Person-centered activities

Some communities are turning to outside partnerships to expand their programming. Inspīr at Carnegie Hill is a new luxury assisted living community on Manhattan’s Upper East Side. Before Inspīr opened in March 2021, it offered virtual programs for future residents and other older adults. Now that restrictions are easing, the focus is on programs that involve real-life human connection.

The community’s location gives it access to the outstanding resources available in New York City. Inspīr partners with groups like The Actors Fund, which provides performance professionals who create experiences around acting, storytelling, music, and dance. Laughter on Call offers stand-up performances as well as improvisation classes for staff and residents. Namaste Wellness, SPEAR Physical Therapy, and Iowa Sports come to Inspīr to teach a full schedule of exercise and mediation classes, perform physical and occupational therapy and even lifeguard the community swimming pool. Horticulture therapy classes are led by instructors from NYU.

Amanda Clears, associate director of resident experience at Inspīr, finds that taking a person-centered approach is the key to true engagement. “Instead of going with what’s worked in the past when it comes to programming and engagement opportunities, you have to really start with the person,” she says. “What are the individual goals of the person, what’s fulfilling for them?”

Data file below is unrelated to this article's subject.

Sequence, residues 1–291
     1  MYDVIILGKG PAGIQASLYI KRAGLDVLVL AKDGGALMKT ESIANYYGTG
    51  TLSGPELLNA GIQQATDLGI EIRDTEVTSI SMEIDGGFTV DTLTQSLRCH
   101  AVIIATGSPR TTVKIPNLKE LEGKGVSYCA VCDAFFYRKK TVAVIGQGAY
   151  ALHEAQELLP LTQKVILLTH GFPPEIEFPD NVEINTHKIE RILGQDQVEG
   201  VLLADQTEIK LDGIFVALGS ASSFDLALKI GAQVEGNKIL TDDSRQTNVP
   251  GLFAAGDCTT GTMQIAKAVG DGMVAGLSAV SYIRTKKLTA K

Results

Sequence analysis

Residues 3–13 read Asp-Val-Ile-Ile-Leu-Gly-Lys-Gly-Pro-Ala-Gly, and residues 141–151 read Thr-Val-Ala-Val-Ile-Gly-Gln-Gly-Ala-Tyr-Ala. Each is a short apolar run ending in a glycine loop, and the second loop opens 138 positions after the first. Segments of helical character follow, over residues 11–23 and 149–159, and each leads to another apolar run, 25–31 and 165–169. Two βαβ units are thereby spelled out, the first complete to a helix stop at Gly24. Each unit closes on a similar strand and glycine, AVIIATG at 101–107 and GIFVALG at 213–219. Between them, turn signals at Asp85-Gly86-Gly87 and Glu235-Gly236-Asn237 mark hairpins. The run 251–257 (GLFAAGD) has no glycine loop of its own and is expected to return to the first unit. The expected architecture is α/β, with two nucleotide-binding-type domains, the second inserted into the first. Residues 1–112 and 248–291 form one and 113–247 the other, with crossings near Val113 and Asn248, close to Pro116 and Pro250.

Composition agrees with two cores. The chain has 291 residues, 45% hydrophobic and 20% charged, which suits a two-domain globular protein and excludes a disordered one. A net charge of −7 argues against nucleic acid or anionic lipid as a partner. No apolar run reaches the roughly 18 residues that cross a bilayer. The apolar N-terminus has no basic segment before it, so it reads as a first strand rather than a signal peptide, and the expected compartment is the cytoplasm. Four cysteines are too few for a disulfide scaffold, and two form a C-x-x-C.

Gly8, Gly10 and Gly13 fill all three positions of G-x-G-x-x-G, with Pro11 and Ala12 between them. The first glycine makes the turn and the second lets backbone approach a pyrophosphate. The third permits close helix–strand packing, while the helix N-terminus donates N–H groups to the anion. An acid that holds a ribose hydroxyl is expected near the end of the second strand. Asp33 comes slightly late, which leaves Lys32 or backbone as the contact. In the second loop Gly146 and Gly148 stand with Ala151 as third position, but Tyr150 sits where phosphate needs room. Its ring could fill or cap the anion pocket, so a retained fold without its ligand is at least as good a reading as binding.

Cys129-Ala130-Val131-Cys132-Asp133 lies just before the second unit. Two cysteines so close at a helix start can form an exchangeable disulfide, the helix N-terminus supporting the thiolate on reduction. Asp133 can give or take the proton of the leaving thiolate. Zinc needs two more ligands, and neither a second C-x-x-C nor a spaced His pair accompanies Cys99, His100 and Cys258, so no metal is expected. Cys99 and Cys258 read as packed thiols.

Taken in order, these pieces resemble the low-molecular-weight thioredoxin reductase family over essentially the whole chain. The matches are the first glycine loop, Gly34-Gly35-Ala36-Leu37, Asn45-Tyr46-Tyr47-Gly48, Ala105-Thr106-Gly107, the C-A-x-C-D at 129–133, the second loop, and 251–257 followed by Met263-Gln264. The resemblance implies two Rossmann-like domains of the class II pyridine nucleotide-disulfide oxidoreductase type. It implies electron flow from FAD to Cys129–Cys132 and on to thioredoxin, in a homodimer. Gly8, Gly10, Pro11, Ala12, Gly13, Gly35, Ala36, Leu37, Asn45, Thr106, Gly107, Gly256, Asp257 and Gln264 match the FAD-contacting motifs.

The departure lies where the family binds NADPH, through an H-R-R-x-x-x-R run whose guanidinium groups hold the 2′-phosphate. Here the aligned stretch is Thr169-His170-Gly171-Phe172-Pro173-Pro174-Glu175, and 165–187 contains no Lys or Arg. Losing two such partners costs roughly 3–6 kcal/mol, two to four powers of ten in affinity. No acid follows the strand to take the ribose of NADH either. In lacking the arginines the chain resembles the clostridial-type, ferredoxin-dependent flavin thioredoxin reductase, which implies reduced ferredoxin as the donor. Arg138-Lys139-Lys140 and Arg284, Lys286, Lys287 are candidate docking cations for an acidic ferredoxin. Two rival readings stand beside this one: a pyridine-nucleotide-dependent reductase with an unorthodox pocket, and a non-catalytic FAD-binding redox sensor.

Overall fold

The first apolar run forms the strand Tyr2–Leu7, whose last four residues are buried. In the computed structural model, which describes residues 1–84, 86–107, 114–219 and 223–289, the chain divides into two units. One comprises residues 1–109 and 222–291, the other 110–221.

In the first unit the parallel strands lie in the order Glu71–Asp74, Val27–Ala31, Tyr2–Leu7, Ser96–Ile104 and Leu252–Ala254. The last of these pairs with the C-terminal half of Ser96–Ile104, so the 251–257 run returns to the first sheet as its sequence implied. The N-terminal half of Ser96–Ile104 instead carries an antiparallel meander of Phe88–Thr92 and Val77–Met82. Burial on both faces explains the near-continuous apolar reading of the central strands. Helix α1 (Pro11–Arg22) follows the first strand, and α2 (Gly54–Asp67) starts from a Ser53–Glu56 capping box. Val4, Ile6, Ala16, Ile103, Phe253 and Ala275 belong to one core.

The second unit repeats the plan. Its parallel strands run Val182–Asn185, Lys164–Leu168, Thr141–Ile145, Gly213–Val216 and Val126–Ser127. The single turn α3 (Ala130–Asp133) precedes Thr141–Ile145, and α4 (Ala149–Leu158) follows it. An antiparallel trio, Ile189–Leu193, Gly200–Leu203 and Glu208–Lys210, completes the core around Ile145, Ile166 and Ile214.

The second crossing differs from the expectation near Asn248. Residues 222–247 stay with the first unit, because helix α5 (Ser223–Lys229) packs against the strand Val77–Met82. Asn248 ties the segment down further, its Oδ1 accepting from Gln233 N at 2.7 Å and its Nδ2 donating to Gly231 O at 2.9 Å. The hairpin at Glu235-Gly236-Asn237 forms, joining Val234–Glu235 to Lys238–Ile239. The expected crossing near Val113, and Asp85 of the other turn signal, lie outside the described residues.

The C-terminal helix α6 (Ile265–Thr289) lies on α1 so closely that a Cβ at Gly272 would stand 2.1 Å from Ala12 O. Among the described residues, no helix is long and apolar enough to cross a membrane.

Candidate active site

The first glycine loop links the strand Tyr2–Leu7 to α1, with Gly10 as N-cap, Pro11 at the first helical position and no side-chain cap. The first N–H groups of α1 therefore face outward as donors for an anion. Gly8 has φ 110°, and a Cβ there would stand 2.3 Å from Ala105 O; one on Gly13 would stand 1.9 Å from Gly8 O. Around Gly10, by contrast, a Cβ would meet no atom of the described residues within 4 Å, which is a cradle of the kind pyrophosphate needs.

Activity staff at many communities are spending more one-on-one time with residents in their rooms. They’ve also had to take on tasks that were formerly off-limits.

Brandywine at Dresher lost about a third of its workforce at the beginning of the pandemic. Team members across the community had to pitch in and help each other no matter what their official job description may have been.